Rating: 3 out of 5
Michael Crichton's Electronic Life is a non-fiction piece of work that aimed to educate people who were looking into buying a computer for the first time in 1983. Crichton talks about the practical matters when it comes to deciding what computer to buy in his discussion of everything from A (Afraid of Computers) to Z (Zenith: The Final Days).
An interesting piece of knowledge I picked up while reading this book is that the 1973 movie, Westworld, that Michael Crichton wrote and directed, was the first feature film to digitally process film. They obtained a sort of blocky, animated effect as the point-of-view for a robot.
I have taken a course about the history of computing, so I am familiar with all the technical advances that have happened over the years. But the books I had to read did not give a good first-hand view of computing. That is what this book did. It presented a first-hand view of the state of computing in 1983. Reading the book in 2007, there were a few pretty funny exerts:
Buying a Computer: Specifically, think carefully before you buy a machine that can't run under CP/M. -- Page 25
Memory: The earliest machines had only 4K; most machines are now sold with at least 16K, and many users feel unhappy without at least 64K. -- Page 93
Monitor: Color monitors are generally unsatisfactory for text displays. If you want to view both color graphics and text, you probably need two monitors. -- Page 99
Notebook: Keep a notebook for your machine. -- Page 101
Operating System: Some operating systems, such as CP/M, are referred to as "popular," as if the operating system were a thing to be embraced in its own right. -- Page 101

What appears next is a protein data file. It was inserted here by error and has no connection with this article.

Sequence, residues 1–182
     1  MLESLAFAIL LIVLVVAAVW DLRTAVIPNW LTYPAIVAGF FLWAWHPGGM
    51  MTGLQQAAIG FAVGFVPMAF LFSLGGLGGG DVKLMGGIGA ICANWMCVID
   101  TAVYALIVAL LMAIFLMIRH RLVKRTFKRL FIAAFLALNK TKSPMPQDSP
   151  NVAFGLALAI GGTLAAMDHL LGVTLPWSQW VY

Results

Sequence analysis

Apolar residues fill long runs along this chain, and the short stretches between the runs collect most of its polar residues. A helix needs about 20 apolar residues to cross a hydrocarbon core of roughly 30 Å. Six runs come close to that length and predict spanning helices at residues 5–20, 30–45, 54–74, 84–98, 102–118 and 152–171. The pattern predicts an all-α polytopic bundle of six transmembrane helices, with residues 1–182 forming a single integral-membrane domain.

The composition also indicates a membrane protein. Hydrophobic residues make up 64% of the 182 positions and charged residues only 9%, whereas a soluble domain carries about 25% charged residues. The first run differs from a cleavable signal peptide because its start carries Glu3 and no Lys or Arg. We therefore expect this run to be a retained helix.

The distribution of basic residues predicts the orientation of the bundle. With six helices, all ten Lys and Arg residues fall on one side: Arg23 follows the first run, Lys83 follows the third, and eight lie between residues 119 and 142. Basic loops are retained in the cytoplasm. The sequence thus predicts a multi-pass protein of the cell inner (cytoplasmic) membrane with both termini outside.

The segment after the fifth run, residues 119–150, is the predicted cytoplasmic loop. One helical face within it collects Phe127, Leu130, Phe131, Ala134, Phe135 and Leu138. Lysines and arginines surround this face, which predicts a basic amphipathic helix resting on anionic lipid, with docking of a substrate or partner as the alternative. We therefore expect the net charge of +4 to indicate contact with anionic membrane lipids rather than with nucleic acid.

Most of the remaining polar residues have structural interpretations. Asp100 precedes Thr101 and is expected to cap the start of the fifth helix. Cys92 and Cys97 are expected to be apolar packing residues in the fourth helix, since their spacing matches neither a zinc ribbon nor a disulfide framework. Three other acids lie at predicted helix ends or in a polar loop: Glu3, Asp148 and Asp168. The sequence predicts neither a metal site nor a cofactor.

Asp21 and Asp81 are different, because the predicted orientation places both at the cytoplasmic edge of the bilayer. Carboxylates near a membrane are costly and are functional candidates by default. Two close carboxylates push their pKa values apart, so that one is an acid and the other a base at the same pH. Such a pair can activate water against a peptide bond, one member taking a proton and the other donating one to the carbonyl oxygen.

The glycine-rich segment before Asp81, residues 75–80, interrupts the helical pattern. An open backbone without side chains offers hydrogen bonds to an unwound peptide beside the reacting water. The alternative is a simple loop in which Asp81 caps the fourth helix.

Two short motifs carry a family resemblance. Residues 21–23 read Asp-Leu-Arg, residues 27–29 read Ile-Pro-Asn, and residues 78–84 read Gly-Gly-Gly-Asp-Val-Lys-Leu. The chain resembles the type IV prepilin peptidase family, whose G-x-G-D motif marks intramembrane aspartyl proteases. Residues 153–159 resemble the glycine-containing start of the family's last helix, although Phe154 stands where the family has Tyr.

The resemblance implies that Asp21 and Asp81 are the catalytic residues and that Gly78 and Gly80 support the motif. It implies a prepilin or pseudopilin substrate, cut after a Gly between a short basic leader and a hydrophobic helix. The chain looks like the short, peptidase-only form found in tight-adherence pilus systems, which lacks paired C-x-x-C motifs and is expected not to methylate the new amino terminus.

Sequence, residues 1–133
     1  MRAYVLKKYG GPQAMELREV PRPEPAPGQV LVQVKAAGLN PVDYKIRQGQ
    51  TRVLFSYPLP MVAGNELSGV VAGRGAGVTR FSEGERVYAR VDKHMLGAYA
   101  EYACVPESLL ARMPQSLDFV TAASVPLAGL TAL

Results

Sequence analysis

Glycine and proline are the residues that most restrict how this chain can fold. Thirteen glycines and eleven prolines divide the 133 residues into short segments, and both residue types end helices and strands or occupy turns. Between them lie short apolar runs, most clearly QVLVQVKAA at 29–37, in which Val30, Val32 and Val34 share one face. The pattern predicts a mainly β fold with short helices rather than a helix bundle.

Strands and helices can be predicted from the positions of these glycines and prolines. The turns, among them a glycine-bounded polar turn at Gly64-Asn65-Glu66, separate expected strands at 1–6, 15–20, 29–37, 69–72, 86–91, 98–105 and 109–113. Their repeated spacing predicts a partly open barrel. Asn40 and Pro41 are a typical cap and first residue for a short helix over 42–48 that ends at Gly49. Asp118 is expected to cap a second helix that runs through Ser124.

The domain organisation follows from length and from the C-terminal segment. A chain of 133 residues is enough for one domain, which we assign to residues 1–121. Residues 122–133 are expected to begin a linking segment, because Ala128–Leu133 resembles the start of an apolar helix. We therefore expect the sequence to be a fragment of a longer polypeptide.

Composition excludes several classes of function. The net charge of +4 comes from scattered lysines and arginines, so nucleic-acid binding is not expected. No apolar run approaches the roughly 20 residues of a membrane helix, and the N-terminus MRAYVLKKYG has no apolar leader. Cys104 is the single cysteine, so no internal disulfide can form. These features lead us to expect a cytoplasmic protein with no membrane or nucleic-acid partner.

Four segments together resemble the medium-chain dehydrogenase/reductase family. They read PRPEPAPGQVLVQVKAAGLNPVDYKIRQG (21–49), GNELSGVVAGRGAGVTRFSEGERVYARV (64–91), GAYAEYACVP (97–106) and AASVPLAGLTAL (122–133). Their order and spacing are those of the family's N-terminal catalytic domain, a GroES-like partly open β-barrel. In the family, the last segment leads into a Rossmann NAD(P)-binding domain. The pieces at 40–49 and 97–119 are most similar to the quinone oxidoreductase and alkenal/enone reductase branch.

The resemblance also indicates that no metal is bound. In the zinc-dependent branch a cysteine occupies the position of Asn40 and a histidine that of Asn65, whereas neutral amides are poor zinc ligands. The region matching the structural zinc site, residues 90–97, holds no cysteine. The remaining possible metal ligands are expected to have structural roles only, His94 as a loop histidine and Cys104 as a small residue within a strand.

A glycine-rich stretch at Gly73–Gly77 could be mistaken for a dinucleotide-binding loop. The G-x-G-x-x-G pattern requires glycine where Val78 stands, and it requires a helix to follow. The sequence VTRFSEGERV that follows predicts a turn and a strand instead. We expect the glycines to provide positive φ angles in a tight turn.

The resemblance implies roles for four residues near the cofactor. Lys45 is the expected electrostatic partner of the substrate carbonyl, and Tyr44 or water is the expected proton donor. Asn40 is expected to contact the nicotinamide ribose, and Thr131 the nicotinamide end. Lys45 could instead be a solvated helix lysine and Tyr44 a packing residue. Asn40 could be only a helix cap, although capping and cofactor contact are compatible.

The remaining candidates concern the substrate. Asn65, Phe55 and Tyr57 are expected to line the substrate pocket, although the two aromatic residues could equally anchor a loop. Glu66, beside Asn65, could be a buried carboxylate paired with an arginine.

Even though Michael Crichton wrote Electronic Life almost 25 years ago, some points he makes do still apply to buying a machine today:
Debugging: Programs never work the first time. -- Page 50
Documentation: Many otherwise excellent programs have astoundingly bad instructions. -- Page 59
Parents: You've just bought a home computer, but before you've even figured out how to turn the damn thing on, your seven-year-old daughter starts banging away at it, making it do all kinds of tricks. -- Pages 104-105
Computer Widow: The little machines are incredibly compelling, and one can work them long into the night. [...] She's back in two hours, stamping her foot, insisting you come to bed. [...] She's a computer widow, and you have a problem. -- Pages 133-134
The first computer I remember growing up with was a Wang Labs computer running a 80386 processor and Windows 3.11. I can remember upgrading the memory, adding an external CD-ROM drive, and connecting to the "Internet" through a 14.4Kbps modem. And, throughout my life, I have worked on a few monochromatic monitors.
Electronic Life was a good nostalgic book to read. If you are interested in the state of computers in 1983, I suggest you read this book.